The Ireland team went for their showers and post-match meal, and with an estimated 10,000 Irish supporters staying behind in Murrayfield to watch the England game on the big screens, all they could do it wait.
England 55 - 35 France
Ireland's brilliant performance in Scotland meant England had to win by 26 points to be crowned champions for the first time since 2011.
In a packed and red-hot Twickenham, after thee years of finishing as runners-up, with the Rugby World Cup just months away, England too thought 'this is our year'.
And they couldn't have got off to a better start. Ben Youngs scored England first try in a matter of minutes after trademark Jonathan Joseph break from midfield.
But Twickenham was soon stunned to silence as France hit back with two tries in quick succession through Sebastien Tillous-Borde and Noa Nakaitaci, the second of which came from their own 22.
George Ford hit back with a penalty and Joseph again produced a stunning break from underneath his own posts. Reaching the halfway line, he kicked ahead and when Luther Burrell couldn't gather, Ben Youngs was there again to dodge two tackles and score his second.
Another penalty from Ford made it 27-15 at the break in pulsating first-half, with the Twickenham crowd bouncing in excitement and agony.
Ford's restart went straight out and France expressed their brute strength with a number of drives and Maxime Mermoz scored the first try of the second half.
England again hit back. This time Youngs turned provider for his half-back partner George Ford. The pair then combined to provide wing Jack Nowell with the eighth try of the match.
All of the momentum was with England and it looked like they would go on to score enough points to beat Ireland. But they lost all momentum when James Haskell was sin binned.
France took full advantage when Mermoz and Nakaitaci again ran the length of the pitch and, to everyone's surprise, found prop Vincent Debaty in support to cross for the try.
The drama continued still. Billy Vunipola then charged over. England needed eight more points to win the championship. All eyes were on England's attack, but disaster struck when France pushed Benjamin Kayser over for yet another try. It left England needing 13 points in the space of 13 minutes.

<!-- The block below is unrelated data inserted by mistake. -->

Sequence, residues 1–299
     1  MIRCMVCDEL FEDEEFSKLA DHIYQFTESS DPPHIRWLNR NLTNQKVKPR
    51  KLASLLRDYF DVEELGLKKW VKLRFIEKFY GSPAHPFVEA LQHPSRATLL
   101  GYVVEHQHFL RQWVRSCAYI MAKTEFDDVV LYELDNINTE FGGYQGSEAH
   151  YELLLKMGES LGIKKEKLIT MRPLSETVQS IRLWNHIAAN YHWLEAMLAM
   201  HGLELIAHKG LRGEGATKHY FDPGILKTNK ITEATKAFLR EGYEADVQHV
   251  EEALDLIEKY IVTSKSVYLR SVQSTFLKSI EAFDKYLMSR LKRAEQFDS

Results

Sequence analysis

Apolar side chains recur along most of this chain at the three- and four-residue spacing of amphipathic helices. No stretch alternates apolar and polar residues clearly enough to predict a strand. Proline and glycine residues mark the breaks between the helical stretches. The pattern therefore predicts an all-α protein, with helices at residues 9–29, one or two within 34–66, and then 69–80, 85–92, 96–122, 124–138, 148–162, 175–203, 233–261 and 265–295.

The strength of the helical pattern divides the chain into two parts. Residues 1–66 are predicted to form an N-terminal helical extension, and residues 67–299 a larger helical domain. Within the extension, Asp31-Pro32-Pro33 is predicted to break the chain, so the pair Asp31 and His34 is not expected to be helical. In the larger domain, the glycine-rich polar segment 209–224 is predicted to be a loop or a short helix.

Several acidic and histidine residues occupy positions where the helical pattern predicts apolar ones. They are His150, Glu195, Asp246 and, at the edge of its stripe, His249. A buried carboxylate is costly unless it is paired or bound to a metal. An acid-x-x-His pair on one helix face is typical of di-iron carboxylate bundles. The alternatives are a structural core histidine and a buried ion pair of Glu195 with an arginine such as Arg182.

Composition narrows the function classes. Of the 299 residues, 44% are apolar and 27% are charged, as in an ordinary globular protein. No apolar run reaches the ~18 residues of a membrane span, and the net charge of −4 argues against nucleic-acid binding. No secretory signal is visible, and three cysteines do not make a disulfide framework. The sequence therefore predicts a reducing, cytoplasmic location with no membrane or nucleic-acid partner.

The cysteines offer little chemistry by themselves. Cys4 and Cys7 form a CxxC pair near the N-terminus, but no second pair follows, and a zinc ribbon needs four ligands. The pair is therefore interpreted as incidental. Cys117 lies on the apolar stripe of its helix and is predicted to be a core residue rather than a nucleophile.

As you might have expected, Nowell scored his second of the game. Five minutes, one more converted try needed.
England came and came, wave after wave of attacks. Ford kicked a penalty into the corner with 30 seconds left and a driving maul looked on. England fell agonisingly close the line and it all looked over when they conceded a penalty when time went dead.
Ordinarily, France, with nothing to play for, would've kicked the ball out and that would've been the end of that. But this wasn't an ordinary day, or an ordinary game. France chose to run the ball from their own try line. They were knocked back by an English defence hoping to steal the ball back. But eventual France saw sense in their madness and kicked to touch, confirming Ireland as Six Nations champions.
Rugby World Cup
Even with a few months left of the club rugby season remaining, all eyes now turn to the Rugby World Cup in England in the autumn.
Ireland go into the tournament as the best team in the northern hemisphere. England won't have the same confidence going into the tournament, but will be boosted by the home support as host nation. Wales join England in the group of death with Australia. But those 61 points against Italy and the defensive effort against Ireland will give them huge confidence heading into the tournament.